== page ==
"Rodney King, the black motorist . . ."I don't think I've ever actually said the word 'motorist' in a sentence, but somehow King will be forever known as 'motorist Rodney King.'
"charged with using excessive force in arresting black motorist Rodney King . . ."
I mention this because we are all victims of labels - labels others use about us and labels we use about others. I suspect that categorizing things we see is part of our DNA. It is an important survival tool to quickly determine whether something approaching us is dangerous or not. But once we've labeled another person, we no longer have to figure them out. The label(s) we connect them to allows us to stop thinking about who they are. She's a doctor. He's homeless. A convict. Each of those labels carries a huge amount of extraneous baggage that may or may not fit any particular individual we've so labeled. Our understanding of other people is trapped in the labels we use as much as those others are trapped by others' labels of them.
When I started this blog, I didn't want readers to look at my profile and get a convenient label that would allow them to judge what I wrote based on who they thought I was, derived from a few labels in the profile. Instead I wanted people to evaluate what I had to say based on what I wrote. And I figured if someone read enough posts, they'd start 'knowing' me in a far more meaningful way.
I know. It's really frustrating. You want to know if I'm young or old or in-between. What work I do. You want labels to capture who I am, to help you figure out what my writing means. My name (Steve) reveals my sex. And I do disclose where I live. Since I started blogging, other bloggers and websites have identified my full name and profession. And my posts, on occasion, reveal other tidbits about who I am. I do acknowledge that the labels can be helpful. And that my leaving them out makes you work harder to understand who I am, and more importantly, what I'm writing. But I don't think hard work is a bad thing and that it gives us more authentic knowledge of people and ideas.
Think about the labels you use to tell others who you are. They give people a short cut to knowing who you are. But does 'nurse' or 'pilot' or 'fast food cook' really convey who you are? Do you ever hide labels or choose a more favorable version? I suspect mostly labels tell us where in the societal pecking order you are. They tell me how much deference I should or shouldn't give you. They don't really tell me who you are.
I'm particularly fond of, and influenced by, anthropologist Clifford Geertz' concept of 'thick description.' Here's a take on it from historian Dr. Christopher Knowles' blog How It Really Was*:
‘Thick Description’ is a term used by the distinguished anthropologist Clifford Geertz. In an essay on: ‘Thick Description: Toward an Interpretive Theory of Culture’, he explained that his understanding of the culture of a people was not their "total way of life" or "a storehouse of learning", let alone their art, music or literature, but ‘webs of significance’, writing that:I want you to dig a little deeper than simple labels. Look at the webs I weave. Who I am is really not all that important. This, some might say, perverse, exercise I'm asking of you is also related to the underlying theme of this blog: how do you know what you know? I'm asking you to resist the easy path to a conclusion, to reexamine how you know things, know people, know yourself. To turn over your assumptions and see what's lurking underneath.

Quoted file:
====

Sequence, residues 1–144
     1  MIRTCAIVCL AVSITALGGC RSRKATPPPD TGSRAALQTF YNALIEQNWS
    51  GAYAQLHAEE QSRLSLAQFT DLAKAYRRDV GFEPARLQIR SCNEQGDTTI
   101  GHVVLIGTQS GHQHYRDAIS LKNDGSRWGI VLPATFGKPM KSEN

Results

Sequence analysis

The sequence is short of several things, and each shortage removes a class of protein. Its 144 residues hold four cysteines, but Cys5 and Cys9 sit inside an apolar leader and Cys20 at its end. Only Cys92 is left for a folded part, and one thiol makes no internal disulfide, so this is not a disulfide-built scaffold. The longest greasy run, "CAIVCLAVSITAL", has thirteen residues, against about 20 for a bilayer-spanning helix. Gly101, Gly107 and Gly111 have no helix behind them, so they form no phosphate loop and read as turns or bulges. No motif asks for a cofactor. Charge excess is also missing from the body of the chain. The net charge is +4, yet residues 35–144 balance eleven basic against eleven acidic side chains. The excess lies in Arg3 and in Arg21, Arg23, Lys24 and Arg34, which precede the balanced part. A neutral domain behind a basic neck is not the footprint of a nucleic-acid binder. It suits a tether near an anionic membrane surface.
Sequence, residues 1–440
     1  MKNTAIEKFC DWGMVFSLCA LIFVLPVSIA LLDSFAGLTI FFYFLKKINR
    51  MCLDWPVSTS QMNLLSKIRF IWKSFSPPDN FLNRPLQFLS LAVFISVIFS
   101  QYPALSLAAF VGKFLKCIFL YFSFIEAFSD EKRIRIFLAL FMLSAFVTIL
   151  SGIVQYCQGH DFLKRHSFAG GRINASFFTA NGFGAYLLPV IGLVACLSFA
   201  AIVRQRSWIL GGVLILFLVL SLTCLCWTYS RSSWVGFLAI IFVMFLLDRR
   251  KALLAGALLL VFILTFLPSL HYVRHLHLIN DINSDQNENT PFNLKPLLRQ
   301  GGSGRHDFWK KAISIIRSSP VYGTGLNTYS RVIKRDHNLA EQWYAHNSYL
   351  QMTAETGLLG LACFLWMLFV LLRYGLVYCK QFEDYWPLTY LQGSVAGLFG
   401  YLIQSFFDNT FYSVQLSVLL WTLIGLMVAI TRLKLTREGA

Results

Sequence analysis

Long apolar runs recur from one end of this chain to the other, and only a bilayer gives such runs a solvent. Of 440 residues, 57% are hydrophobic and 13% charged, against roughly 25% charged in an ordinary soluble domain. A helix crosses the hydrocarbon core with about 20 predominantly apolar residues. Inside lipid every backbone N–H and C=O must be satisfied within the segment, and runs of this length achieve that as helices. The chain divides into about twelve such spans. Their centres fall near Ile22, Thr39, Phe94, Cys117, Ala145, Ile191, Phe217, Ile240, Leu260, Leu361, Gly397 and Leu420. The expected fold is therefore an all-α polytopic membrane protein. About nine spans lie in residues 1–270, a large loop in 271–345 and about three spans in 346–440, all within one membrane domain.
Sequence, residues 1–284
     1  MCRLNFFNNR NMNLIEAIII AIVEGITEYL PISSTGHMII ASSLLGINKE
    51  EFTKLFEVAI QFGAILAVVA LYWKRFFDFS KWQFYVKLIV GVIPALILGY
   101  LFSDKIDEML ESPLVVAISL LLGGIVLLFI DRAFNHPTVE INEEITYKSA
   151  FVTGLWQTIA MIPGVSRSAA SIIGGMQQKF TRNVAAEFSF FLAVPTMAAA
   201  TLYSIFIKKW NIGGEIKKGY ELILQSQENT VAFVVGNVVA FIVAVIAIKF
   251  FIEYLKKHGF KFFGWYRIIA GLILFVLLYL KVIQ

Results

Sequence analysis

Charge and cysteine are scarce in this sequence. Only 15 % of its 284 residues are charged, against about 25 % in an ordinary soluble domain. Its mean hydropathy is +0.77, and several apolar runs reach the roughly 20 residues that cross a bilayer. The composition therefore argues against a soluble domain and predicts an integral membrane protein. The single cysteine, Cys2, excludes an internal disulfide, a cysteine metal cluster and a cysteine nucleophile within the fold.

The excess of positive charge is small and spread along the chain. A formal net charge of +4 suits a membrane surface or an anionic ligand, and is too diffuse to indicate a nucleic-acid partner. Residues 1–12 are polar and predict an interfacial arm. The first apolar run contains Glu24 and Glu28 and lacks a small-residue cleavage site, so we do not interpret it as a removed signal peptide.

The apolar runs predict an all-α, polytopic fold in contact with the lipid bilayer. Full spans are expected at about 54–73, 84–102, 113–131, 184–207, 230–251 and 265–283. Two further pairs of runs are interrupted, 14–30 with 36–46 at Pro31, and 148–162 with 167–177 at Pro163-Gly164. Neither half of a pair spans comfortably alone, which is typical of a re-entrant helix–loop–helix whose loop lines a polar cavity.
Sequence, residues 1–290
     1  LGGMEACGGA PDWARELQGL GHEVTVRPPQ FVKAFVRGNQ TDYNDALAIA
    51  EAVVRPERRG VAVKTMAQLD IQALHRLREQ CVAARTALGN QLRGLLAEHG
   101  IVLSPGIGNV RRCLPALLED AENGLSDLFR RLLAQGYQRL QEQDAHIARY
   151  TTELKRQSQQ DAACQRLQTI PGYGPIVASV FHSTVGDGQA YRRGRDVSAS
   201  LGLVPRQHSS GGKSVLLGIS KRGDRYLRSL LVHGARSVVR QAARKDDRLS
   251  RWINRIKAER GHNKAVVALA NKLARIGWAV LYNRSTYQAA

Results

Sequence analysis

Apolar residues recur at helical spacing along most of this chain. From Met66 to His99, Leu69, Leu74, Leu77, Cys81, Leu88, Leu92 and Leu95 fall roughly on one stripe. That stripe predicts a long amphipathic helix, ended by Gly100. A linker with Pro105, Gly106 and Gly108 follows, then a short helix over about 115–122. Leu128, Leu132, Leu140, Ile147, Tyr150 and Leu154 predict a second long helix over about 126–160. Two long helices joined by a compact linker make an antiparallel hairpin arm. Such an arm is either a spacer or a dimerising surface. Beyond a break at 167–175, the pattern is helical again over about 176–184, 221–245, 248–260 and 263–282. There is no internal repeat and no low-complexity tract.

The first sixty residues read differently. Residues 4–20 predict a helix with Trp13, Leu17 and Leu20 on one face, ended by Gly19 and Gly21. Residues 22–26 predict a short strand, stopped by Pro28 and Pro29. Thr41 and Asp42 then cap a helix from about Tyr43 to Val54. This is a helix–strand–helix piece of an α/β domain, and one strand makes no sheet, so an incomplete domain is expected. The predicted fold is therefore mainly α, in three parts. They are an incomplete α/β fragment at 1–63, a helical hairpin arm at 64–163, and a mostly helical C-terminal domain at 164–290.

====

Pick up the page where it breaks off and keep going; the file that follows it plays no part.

"Man is an animal suspended in webs of significance he himself has spun. I take culture to be those webs and the analysis of it to be therefore not an experimental science in search of law but an interpretive one in search of meaning."Geertz described how he had taken the term ‘Thick Description’ from the philosopher Gilbert Ryle, who distinguished between a ‘thin description’ of, for example, a physical action, and a ‘thick description’ which includes the context: when and where the action took place, who performed it and their intentions in doing so. For example, the same physical act of someone "rapidly raising and lowering their right eyelid" could be a nervous twitch, a deliberate wink to attract attention or communicate with someone, or an imitation or mockery of someone else with a nervous twitch or winking. It all depends on the context, the aims of person the performing the action, and how these were understood by others.
*Dr. Knowles, in his blog profile, also offers some advice that would contradict what I'm writing here:
"Before you study the history study the historian' as E H Carr said in his classic work 'What is History.' (Macmillan 1961). 'When we take up a work of history, our first concern should be not with the facts which it contains, but with the historian who wrote it.'"And this advice is good too. But I'm asking you to find the blogger, if you must, by studying the blog.
[This post is part of an attempt on my part, as this blog approaches its ninth anniversary, to update some of my descriptions of what this blog is about and who the blogger is.]